It was a challenge given in a fanfic community where they took common clichés of Harry Potter fanfic but introduced a twist to each of them. The challenge was to write a time travel story with Harry/Draco as the pairing instead of one of the ones where time travel is really common (like Harry/Snape). I started writing it and about 6 weeks later I had a finished romance novel with a fully fleshed out three-act structure and a happy ending. Basically I had never written that fast, that well, or that easily before. I went on to write 8 or 9 original fiction romance novels after that which came just as fast, flowed just as easily, and were just as good, and that was how I established myself all of a sudden, after 15+ years as a professional erotica and science fiction/fantasy writer, as a romance writer.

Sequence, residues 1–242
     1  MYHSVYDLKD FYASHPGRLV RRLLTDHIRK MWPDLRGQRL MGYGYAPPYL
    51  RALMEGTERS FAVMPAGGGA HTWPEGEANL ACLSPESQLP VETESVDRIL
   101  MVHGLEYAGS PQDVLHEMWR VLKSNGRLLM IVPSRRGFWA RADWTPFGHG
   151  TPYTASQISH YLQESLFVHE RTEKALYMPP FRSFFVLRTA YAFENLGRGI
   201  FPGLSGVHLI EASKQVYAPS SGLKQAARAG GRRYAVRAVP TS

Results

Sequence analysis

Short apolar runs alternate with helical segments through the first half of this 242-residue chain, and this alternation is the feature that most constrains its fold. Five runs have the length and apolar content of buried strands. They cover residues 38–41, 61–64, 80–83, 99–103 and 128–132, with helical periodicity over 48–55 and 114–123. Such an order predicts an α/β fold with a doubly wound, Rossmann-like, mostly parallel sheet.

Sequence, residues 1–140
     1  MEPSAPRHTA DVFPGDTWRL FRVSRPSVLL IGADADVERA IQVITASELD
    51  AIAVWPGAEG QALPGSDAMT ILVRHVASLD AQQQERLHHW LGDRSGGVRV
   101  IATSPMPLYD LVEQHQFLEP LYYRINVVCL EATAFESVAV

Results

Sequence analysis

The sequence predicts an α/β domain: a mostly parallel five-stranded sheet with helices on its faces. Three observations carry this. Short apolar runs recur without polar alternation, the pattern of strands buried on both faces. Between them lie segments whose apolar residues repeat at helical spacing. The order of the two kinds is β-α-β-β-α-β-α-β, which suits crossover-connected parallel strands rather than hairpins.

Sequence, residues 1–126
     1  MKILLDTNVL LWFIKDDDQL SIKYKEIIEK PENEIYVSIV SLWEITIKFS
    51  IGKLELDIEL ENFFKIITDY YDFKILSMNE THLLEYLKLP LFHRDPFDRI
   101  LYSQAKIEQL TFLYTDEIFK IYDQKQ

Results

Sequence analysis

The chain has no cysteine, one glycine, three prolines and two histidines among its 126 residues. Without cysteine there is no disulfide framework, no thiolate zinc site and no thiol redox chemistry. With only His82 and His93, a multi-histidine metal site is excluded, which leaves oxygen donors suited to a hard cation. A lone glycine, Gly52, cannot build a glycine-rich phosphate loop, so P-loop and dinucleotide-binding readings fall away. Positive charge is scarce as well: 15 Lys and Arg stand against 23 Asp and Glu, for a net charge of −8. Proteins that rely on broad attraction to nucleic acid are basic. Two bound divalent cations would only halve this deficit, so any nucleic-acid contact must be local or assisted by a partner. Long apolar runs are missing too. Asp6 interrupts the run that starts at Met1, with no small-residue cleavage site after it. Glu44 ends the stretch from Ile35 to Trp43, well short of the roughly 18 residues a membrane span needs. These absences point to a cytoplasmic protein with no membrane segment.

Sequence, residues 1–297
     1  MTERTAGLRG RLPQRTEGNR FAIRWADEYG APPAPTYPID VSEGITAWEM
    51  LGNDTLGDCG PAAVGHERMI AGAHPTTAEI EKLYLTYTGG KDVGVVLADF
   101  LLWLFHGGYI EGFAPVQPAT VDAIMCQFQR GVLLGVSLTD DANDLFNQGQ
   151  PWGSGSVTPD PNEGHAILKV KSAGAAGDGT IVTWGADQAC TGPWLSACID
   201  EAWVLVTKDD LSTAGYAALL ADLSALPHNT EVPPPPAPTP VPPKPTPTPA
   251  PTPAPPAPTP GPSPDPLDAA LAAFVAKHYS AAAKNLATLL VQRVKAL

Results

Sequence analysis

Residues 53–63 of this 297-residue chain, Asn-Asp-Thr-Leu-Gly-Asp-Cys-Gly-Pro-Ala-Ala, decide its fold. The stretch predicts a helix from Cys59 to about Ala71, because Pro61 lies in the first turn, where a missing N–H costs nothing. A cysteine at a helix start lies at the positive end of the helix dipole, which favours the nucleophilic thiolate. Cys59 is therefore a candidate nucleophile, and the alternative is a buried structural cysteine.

MM: How is writing fanfiction different than writing for other mediums (nonfiction, fiction, etc.)? Has any of your fanfiction writing led to other types of publications, books or essays?
I do not find fanfiction and pro fiction to be all that different. Maybe that’s because I had been writing professionally for so many years before I started writing fanfiction, so I approach them the same way.
MM: What have you learned about fanfiction by studying it academically?
I’ve learned that the recesses of the human libido will express themselves in sometimes surprising places. Also that fanfiction is very self-aware. For the most part the writers have very deep knowledge not only of the canon they are using, but also of literary tropes and conventions.